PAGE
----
Corporate leadership is often veiled from the multitude of risks that are lurking behind the corners of their business. Critical risks embedded within business units often aren’t shared up to senior leadership because the systems and processes are not in place to enable this. The methodologies implemented for managing risks across the enterprise vary widely but most are chaotic, relying and email and spreadsheets for tracking a reporting.
A process driven approach to risk identification, assessment, and remediation helps to ensure that a continuous improvement mentality is ingrained within the business.
Traditionally, implementing a process oriented approach to enterprise risk management was a time consuming endeavor. It often takes teams of people to shepherd the process ensuring that each part of the organization is effectively identifying risks and implementing plans of action to effectively reduce the impact and likelihood of those risks. However, technologies with robust workflow, approval mechanisms, and reporting helps builds structure around an organization’s enterprise risk management regime.
Out-of-date, traditional ERM software (and GRC software more generally) do not enable collaboration across the business, hence critical risks are not propagated up through the organization.
Allowing the line of business managers to share and collaborate in the risk identification process is the best way to expand the quality and volume of key events that can impact organizations. Setting up a quarterly or annual cycle for risk identification helps to institute the continuous documentation process within employees.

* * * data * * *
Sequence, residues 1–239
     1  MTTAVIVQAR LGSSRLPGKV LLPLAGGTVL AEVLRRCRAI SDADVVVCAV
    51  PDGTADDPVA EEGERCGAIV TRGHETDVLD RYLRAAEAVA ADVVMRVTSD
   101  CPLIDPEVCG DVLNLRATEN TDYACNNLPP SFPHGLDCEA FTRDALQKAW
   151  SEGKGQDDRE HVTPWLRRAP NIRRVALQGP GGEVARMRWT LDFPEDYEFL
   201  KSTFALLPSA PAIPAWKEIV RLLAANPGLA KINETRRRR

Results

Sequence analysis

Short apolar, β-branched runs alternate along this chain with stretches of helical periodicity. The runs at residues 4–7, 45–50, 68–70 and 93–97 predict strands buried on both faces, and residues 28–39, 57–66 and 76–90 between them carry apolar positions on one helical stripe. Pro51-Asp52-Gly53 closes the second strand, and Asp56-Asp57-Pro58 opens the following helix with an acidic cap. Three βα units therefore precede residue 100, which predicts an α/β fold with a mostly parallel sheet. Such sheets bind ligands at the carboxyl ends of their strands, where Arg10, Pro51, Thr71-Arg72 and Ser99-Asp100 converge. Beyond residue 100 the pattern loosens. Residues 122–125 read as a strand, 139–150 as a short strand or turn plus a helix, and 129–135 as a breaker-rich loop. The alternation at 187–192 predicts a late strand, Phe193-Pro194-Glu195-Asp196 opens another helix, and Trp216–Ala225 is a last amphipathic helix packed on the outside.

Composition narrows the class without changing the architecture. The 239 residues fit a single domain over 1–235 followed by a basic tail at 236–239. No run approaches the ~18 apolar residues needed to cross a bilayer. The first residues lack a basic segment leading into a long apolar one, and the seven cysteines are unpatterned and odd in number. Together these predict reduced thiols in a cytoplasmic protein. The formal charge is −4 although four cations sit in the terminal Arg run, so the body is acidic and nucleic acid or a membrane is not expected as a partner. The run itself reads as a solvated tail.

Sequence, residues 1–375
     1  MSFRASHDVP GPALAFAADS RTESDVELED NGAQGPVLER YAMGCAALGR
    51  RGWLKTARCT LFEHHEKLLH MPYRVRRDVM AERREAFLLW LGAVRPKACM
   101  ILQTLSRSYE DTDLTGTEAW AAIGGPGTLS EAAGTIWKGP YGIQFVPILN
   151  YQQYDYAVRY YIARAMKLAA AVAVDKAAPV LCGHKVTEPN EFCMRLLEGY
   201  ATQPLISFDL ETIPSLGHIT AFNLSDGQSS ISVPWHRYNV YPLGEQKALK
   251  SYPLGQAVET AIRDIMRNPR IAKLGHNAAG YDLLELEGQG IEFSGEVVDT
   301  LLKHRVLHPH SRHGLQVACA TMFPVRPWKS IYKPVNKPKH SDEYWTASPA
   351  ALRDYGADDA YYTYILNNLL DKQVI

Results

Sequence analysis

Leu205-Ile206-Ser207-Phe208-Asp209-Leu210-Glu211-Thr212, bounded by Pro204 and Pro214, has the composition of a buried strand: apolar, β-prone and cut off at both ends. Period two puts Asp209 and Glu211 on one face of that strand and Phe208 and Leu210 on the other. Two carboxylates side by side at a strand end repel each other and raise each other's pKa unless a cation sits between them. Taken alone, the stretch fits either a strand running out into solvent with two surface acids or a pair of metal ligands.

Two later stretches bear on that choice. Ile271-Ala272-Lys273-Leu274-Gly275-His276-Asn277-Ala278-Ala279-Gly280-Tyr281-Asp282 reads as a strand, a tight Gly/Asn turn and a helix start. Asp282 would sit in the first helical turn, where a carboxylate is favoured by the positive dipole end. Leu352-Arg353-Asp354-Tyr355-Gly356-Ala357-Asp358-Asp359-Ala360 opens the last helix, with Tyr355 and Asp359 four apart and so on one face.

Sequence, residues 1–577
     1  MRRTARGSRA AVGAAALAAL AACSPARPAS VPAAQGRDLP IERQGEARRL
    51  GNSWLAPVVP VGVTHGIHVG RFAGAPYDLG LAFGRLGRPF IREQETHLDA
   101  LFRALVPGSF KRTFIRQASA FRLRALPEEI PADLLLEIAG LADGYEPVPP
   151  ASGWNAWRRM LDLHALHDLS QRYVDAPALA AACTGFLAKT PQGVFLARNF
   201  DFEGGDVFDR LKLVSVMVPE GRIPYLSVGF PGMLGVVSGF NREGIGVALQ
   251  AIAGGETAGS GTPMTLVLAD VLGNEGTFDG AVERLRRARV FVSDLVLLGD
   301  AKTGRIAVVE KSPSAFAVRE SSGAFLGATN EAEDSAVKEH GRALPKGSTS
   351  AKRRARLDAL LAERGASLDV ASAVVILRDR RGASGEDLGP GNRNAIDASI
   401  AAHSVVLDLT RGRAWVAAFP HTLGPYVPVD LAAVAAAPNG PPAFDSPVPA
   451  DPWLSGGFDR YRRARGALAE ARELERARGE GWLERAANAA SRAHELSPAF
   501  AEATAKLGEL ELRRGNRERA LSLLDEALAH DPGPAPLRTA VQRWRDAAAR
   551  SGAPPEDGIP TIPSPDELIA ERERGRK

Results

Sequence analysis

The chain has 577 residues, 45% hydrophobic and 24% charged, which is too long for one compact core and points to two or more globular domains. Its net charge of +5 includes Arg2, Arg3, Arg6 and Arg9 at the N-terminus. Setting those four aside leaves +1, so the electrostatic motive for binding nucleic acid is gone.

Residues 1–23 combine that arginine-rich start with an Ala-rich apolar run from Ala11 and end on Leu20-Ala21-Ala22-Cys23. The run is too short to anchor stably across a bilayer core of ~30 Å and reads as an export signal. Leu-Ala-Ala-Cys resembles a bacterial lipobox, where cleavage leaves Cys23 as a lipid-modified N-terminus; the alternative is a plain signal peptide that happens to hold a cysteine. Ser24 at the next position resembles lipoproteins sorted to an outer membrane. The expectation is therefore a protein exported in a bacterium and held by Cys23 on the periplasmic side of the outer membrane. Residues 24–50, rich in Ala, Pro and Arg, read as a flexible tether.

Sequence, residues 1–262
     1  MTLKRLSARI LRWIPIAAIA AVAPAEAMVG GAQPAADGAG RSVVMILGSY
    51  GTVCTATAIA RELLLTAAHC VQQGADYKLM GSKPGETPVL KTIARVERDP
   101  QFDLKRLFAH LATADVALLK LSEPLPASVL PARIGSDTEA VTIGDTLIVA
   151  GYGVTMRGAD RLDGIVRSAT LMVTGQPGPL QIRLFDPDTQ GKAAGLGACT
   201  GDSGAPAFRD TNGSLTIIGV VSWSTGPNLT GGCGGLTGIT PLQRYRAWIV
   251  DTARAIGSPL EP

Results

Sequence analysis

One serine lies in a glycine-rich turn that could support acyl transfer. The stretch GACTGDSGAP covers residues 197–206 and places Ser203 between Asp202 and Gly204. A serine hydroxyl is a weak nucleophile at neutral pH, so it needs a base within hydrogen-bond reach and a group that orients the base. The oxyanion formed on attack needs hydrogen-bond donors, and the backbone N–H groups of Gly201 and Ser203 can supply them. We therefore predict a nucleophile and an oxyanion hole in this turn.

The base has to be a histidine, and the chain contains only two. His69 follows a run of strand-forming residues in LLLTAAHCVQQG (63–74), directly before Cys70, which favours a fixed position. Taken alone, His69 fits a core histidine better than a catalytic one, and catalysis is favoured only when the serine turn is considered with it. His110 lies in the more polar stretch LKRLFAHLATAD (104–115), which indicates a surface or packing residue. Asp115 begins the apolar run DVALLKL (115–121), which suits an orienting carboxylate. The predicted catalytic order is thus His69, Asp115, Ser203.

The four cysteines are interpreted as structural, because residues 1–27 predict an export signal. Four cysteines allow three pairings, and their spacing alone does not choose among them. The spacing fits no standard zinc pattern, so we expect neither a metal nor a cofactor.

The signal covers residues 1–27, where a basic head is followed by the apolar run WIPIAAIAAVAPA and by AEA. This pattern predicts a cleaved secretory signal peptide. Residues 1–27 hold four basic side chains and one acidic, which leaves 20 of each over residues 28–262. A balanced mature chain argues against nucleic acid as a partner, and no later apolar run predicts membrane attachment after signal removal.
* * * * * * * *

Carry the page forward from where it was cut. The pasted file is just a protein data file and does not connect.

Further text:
Software used for enterprise risk management activities must engage the business and be easy to use. Without quick and painless adoption from the business, an organization’s ERM program will quickly fail.
Risk assessments can be interpreted differently by each employee. Building structure around the assessment process ensures uniform and accurate assessment results.
When a line of business manager is assessing the impact of a risk on the business, there is often much room for interpretation. Risk assessments must be simple and include specific instructions. Validations and checks should be built-in to allow for robust data quality.
Risk assessment without mitigation is flawed.
Enterprises have a tendency to over emphasis risk identification and assessment, but fail to fully execute on mitigation. Risk mitigation is where process is the most crucial. KPIs should be tracked to ensure that each line of business is following their plan of action and risks are being reduced. A technology enabled process approach can ensure that KPI reviews are performed and regular intervals.
Technology can create flexibility in spite of an organization’s management hierarchy.
Adaptability in an organization’s hierarchical structure (or the capability to adjust their authoritative structures to changes in the market) can assist in remediating risks in large-scale enterprises. However, large organizations cannot easily change how they operate internally without an enabling force. Agile technology that can adapt to the business and provide a framework for flexibility will ultimately help to improve risk assessment and mitigation.
Great communication cannot be overemphasized in enterprise risk management.
The type of communication that is necessary is just as important as the communication that occurs. Information must be free flowing, and it should lead to the development of collaborative models of the risks across the enterprise.
A process-focused framework for ERM creates high-performance organizations that are able to mitigate and control key risks within the organization. Paying attention to how senior leadership interfaces with the various lines of business is critical to building the continuous improvement mentality of risk management. Agile GRC technology should be utilized to help assist leadership with implementing the process-focused approach to enterprise risk management.
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